Objectives: Quantitative measures of the value patients place on the state of their health is crucial to understanding their experience, and to calculate quality-adjusted years of life for economic analyses. Patients' values in chronic liver disease remain unexplored, although experts' estimates of utilities have been examined. Our study tests the validity of a widely used utility measure in chronic liver disease and, if valid, establishes the decrement in health-related quality associated with chronic liver disease.
Methods: A total of 120 patients with chronic liver disease participated in the study (age 50 +/- 10 yr; men 53%; cirrhosis 51%, chronic viral hepatitis 51%, and chronic cholestatic liver disease 30%). All patients completed three instruments: Health Utility Index Mark 2 (scores 0-1), Short Form-36 (scale scores 0-100), and a disease-specific health-related quality of life instrument (Chronic Liver Disease Questionnaire; scores 1-7).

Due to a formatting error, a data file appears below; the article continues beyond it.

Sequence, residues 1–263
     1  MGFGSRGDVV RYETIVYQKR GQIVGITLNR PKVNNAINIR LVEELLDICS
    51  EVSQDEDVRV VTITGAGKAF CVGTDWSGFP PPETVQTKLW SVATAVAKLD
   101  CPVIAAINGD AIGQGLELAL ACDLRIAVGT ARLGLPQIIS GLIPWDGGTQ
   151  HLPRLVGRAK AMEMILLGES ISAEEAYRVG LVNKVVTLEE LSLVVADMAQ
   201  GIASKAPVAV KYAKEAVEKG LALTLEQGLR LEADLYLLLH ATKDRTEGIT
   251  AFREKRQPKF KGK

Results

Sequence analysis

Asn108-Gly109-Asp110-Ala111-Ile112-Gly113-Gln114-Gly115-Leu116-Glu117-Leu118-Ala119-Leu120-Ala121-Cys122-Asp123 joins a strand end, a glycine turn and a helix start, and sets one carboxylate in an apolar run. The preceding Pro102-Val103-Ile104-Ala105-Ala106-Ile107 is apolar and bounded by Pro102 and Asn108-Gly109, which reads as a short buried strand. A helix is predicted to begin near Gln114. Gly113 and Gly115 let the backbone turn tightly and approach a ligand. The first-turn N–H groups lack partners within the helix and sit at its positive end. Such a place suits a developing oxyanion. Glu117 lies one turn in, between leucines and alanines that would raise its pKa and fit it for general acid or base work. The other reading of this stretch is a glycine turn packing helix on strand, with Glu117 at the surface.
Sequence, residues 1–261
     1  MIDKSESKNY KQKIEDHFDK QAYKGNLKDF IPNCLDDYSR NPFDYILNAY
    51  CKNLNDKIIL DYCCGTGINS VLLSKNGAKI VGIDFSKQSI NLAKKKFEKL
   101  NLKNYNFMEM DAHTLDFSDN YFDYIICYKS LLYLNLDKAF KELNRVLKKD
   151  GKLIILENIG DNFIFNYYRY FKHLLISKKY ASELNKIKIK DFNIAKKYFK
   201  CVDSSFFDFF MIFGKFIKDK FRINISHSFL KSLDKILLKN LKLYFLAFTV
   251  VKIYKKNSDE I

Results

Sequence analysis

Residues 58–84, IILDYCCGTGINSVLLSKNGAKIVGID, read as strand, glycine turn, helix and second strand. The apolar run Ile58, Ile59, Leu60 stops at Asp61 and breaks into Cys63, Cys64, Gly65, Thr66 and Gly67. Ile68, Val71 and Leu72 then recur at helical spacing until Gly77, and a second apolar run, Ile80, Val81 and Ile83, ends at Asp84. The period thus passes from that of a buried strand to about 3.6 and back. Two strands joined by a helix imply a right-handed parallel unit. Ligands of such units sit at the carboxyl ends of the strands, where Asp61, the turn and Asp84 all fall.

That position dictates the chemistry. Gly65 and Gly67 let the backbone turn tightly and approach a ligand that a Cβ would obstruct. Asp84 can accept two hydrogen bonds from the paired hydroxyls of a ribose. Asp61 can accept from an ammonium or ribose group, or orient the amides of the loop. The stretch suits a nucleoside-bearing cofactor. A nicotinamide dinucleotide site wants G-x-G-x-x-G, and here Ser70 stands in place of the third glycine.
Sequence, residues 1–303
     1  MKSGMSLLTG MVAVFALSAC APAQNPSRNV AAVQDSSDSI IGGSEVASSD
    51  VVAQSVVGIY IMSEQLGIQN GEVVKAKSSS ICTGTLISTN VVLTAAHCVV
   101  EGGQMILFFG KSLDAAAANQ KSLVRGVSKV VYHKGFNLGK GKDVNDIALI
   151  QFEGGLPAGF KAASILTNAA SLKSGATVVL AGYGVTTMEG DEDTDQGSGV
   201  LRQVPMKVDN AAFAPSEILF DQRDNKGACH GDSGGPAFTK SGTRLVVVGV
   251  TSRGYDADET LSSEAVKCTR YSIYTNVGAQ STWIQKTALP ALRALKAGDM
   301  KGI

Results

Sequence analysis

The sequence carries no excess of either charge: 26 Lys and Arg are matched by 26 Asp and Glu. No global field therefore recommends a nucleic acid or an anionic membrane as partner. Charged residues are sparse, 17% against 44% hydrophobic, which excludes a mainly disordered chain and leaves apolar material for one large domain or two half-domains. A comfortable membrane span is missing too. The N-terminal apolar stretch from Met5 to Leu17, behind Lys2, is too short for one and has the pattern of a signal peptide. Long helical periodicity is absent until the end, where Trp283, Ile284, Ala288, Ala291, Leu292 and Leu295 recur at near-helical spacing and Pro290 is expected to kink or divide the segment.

Results: We found a moderate to strong correlation between scores on the three measures and that impairment worsened as the severity of disease worsened. Patients without cirrhosis and those with Child's A cirrhosis showed substantial decrement in utilities (0.82 and 0.83, respectively) in the range of patients surviving brain tumor. Those with Child's B and C showed a greater decrement (0.67 and 0.56) that was in the range experienced by patients who survive a stroke (0.67). Utilities assessed by Health Utility Index Mark 2 differed substantially from estimates by "expert."
Conclusions: We conclude that utilities should be based on patient reports and that the data from this study can inform economic analyses in studies of patients with chronic liver disease.